On the new, revised Skyactiv 2.0, all the reciprocating bits are lighter, and a reduced skirt area takes 27 grams taken out of each piston. Connecting rods are 41 grams lighter. The cylinder heads are dome-shaped, shorter, and wider, and the crankshaft is made of a stiffer material. Rod bolts are smaller and stronger, and have lost 40 grams each, for higher revving. The shorter dome creates “really good tumble” in the combustion chamber. Engineers have changed the intake port’s shape, and the new piston design has edge cuts that are said to eliminate hot spots and reduce knock. [It’ll make a nifty engine for the all-new Mazda3 due by 2019.]

The redesigned engine remains gas direct-injection, with higher injection pressure, a finer spray and shorter pulses. The engine now has a dual-mass flywheel for smoother gear changes, and Coleman says engineers in Hiroshima managed to make that change without adding much weight, which is up between six and seven pounds for both the Miata convertible and the targa-top RF. That includes an extra half-pound or so for making the tilt steering wheel able to telescope.

Prior to the much-updated engine, the ND’s biggest mid-cycle development was last year’s addition of standard heated cloth seats to the Club trim package. For the first two model years of the ND, the Club’s standard Bilstein shocks, shock tower brace, and limited-slip differential were not available on the top-trim Grand Touring model, which was the only of the three trim levels (Sport remains the base model) with heated seats. Mazda had apparently assumed that if you want the luxury of bun warmers, you didn’t want your backside to feel more bumps.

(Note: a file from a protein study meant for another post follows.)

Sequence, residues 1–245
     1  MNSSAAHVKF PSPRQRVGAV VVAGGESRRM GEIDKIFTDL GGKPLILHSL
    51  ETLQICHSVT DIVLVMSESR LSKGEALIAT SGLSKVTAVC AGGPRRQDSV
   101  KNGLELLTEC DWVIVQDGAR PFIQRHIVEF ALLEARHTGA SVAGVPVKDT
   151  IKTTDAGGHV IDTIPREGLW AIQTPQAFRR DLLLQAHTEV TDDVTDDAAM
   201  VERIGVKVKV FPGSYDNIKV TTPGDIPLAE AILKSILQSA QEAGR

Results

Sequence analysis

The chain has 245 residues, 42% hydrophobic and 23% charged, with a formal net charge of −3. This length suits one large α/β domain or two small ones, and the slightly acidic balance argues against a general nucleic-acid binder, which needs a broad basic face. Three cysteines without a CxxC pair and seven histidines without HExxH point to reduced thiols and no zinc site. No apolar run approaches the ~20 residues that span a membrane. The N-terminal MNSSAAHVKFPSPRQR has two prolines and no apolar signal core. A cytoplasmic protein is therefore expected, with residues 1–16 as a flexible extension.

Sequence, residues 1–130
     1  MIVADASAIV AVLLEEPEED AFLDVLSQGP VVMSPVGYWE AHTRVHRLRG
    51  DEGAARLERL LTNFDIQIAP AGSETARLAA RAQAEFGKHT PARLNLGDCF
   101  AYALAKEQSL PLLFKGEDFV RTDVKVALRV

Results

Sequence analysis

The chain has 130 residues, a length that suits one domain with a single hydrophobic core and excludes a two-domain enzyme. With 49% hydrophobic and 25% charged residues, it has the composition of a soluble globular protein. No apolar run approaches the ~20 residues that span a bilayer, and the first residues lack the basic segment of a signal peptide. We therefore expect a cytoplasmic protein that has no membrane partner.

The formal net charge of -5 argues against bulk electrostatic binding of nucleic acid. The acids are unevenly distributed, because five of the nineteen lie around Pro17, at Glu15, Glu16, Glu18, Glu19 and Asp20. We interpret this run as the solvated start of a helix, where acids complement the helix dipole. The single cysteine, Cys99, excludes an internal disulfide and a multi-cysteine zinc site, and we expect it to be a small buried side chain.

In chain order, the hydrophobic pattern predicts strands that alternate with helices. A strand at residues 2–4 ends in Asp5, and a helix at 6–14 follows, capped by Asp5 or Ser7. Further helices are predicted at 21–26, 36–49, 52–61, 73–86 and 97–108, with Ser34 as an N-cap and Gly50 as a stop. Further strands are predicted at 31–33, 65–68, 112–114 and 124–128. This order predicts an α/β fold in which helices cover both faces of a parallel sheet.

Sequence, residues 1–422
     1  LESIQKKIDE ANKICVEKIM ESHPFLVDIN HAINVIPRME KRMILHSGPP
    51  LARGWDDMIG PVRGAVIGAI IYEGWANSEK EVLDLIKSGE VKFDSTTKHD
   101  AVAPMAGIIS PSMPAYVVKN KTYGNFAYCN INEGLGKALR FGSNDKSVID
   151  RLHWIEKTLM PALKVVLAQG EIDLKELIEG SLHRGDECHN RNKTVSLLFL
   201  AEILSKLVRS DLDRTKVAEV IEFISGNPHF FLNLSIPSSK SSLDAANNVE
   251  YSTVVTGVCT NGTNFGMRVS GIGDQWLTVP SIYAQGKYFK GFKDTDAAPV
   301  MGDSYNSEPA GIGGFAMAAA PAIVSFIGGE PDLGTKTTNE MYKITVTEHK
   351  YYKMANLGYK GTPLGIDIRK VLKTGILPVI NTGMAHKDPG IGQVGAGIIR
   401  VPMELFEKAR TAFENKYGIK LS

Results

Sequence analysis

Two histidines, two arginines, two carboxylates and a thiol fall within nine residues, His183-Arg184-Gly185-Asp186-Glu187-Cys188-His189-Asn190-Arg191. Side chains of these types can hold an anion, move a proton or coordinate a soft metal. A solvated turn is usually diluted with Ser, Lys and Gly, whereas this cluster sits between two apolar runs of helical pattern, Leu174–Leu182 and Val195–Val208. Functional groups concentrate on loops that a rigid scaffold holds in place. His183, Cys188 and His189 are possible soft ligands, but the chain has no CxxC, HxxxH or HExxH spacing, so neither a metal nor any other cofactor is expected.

Now there are two ways to combine the better suspension with the indulgence; the Mazda MX-5 Miata GT-S package, available only on the six-speed manual version of the Grand Touring convertible or RF, for $750 extra [on a personal note, my NC Grand Touring PHRT’s sport suspension package was $500 extra, so a decade later, this is a pretty good value]. Or the Club package, which comes with standard heated cloth seats. A new-for-‘18 Brembo/BBS/Recaro package, at $4,670, is $900 more than the Brembo/BBS package without the heated Recaros.

The ’19 Miata RF with the GT-S package comes with a hand-painted black proof, a feature of the ’17 RF Launch Edition.

Some of the younger auto journos balked at the upper-$30s pricing of either these options, which pushes the Miata above the price of the average new vehicle in the U.S., currently about $33,000. They also bemoaned the lack of Apple CarPlay/Android for Auto, connectivity features currently trickling in elsewhere in the Mazda line, which Your Humble Servant did not miss.

I would also not miss the i-Activesense Package, $450 extra, which my drive partner and I had on our RF GT-S tester, but not on our convertible Club with the Brembo/BBS/Recaros. For that matter, I don’t see the need for a backup camera on this car, but that’s heresy to safety advocates, and anyway, it’s standard and required on all new MX-5s.

Of these two solutions to the heated seat/best suspension tuning issue, my personal preference goes to the Club convertible with the Brembo/BBS/Recaro package instead of the i-Activesense package. The base Mazda seats’ bolsters fall short of keeping you—or me, anyway—from sliding around in the driver’s seat on those perfect roads like California 9.

2019 Mazda MX-5 Miata Specifications

ON SALE Currently (RF), Autumn 2018 (convertible)
PRICE $27,180 – 35,305*
ENGINE 2.0L 16-valve I-4, 181-hp @ 7,000 rpm, 151 lb-ft. @ 4,000 rpm
TRANSMISSION 6-speed manual, 6-speed automatic
LAYOUT 2-door, 2-passenger, RWD convertible or retractable roof targa
EPA MILEAGE 26/34 (city/hwy) *manual 26/35 (city/hwy) *automatic
L x W x H 154.1 x 68.3 x 48.8/49.0 in
WHEELBASE 90.9 in
WEIGHT 2,339-2,493 lb
0-60 MPH 5.9 sec (est)
TOP SPEED N/A

*As of press time, Mazda had announced pricing only on the MX-5 Miata RF models. The base price of $27,180, for a manual-gearbox Sport convertible, is our estimate based on the 2019 model year price increase of $990 for the RF models. Miatas sold in Alaska cost $45 more due to a $940 destination and handling price.